For example, if you are a teacher, you can deduct it from gross income up to $ 250 spent out of pocket for expenses in the classroom. There are other adjustments, including savings accounts in health care (HSAs), insurance contributions for health insurance for the self employed and IRA deposits.

So if you are a teacher who earned $ 50,000 a year before taxes, spent $ 250 for the class this year and put 750 dollars into your savings account, your AGI will be $50 000 — $250 — $750 = $49 000.

Benefits (allowances)

If you are allowed to do something in daily life, you tend to be grateful for the little freedom of action. When it comes to taxes, allowances — benefits — also need to make your life easier (theoretically).

If you are an employee, you had to fill out form W-4 when he got a job at the company. W-4, you note how many benefits you would like to obtain. This determines how much money your employer will withhold from your wages for taxes.

The more exemptions, the less money will hold, and Vice versa — the fewer exemptions, the more money keep. You have one form of benefits for themselves, one on one spouse and one for each child.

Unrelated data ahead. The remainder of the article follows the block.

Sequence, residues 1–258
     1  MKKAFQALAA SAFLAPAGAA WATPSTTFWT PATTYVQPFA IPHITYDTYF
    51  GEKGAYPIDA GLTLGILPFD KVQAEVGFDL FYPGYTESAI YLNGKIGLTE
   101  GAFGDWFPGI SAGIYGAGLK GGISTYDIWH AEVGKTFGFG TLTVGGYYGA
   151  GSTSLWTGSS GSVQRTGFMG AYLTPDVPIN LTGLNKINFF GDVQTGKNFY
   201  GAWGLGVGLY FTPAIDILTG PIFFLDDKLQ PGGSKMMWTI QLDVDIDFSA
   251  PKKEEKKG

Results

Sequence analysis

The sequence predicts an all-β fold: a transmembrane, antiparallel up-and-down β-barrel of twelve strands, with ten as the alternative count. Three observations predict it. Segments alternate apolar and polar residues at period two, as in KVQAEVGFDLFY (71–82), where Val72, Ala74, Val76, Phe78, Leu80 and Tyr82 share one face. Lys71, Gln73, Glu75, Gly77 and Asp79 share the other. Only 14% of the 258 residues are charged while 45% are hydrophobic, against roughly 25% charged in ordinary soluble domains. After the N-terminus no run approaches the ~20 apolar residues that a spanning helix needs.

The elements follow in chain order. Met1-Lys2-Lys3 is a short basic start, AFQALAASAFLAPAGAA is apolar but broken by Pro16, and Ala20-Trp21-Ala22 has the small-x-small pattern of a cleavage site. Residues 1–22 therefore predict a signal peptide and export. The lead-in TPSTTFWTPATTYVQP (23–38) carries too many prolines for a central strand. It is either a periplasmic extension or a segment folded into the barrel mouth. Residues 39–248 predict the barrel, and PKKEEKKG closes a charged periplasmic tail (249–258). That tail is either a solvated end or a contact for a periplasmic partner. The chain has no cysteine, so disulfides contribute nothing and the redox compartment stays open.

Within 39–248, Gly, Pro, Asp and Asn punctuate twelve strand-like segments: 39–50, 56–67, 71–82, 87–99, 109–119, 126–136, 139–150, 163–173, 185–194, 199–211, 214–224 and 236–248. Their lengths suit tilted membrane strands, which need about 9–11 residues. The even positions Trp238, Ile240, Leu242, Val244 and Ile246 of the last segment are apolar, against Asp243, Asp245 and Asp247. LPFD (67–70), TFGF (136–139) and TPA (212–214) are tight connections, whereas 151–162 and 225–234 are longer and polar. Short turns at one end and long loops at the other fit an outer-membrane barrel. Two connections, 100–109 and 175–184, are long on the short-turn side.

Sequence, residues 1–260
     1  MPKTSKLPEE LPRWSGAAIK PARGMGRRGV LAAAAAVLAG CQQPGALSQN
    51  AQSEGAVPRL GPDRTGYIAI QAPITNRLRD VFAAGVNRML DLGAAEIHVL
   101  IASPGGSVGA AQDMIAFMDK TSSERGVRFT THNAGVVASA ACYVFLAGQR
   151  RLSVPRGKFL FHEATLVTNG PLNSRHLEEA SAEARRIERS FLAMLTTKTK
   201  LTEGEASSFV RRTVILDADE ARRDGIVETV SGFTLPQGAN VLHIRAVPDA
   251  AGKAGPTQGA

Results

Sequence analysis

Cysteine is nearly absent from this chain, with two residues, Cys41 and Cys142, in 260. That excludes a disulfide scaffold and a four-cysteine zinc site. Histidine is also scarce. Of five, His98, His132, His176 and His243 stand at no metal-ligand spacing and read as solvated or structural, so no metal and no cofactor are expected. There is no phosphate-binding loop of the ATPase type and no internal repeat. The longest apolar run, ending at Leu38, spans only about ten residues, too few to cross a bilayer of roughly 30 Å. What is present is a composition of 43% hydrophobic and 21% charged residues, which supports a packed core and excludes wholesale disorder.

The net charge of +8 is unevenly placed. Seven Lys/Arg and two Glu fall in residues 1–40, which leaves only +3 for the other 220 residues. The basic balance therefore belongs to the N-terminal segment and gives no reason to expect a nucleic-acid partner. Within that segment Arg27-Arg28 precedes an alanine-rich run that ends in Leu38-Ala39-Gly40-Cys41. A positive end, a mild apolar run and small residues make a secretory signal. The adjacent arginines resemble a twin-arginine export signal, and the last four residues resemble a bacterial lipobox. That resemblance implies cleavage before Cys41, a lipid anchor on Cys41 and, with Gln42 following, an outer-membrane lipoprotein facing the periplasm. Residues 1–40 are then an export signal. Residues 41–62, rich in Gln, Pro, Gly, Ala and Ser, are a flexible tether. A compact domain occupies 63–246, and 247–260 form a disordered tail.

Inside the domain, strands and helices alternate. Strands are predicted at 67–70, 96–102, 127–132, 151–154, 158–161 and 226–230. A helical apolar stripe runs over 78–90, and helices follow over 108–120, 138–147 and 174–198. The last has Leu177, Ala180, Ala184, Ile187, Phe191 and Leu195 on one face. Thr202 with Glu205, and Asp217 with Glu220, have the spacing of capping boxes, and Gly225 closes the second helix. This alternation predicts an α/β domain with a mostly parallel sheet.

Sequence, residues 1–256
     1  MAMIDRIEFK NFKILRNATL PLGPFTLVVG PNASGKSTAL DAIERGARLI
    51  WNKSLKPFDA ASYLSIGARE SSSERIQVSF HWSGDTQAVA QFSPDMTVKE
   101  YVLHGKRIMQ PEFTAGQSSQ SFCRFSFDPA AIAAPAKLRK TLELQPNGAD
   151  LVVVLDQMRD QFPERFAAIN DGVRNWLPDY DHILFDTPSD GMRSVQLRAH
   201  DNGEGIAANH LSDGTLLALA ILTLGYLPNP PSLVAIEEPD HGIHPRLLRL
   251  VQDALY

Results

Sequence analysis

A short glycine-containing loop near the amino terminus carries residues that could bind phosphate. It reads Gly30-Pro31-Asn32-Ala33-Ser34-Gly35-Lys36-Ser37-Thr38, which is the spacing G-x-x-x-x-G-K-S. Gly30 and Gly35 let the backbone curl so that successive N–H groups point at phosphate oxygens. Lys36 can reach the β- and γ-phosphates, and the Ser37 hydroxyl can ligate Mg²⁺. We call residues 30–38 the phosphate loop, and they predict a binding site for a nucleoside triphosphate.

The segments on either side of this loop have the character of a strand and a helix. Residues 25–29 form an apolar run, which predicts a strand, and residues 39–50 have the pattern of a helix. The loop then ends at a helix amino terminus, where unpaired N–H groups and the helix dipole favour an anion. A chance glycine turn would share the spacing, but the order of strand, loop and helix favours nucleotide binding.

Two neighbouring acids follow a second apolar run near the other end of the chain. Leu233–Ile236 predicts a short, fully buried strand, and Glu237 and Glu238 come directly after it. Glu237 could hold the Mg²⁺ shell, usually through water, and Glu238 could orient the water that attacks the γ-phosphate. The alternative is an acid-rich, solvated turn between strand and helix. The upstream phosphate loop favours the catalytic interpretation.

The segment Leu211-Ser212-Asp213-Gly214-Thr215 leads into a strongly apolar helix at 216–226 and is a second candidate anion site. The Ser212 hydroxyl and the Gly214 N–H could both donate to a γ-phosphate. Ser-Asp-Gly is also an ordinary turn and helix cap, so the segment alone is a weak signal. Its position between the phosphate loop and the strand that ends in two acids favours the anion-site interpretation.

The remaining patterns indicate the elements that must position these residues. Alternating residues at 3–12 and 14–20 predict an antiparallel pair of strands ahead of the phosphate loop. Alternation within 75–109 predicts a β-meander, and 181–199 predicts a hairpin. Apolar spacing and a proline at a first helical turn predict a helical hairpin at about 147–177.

But here we must use caution. If you request too many privileges, you can face the fact that when submitting tax returns, problems may arise because the employer did not keep enough money from your paycheck. You can change the number receiving benefits at any time — you just need to fill out a new form W-4 and send it to your employer.

Deductions (deductions)

“Subtract” means “to take away or decrease” — it is about deducting a certain amount from the figures of taxes that you owe. This can make you ponder how Sherlock Holmes solves mysteries (remember the method of deduction?), but it is connected not so much with logic, but with simple math.

There are two kinds of deductions that you can do: standard and detailed. They differ from the adjustments that we mentioned earlier because these deductions are taken from your adjusted gross income, not your gross income.

  • Standard deduction (Standard deduction)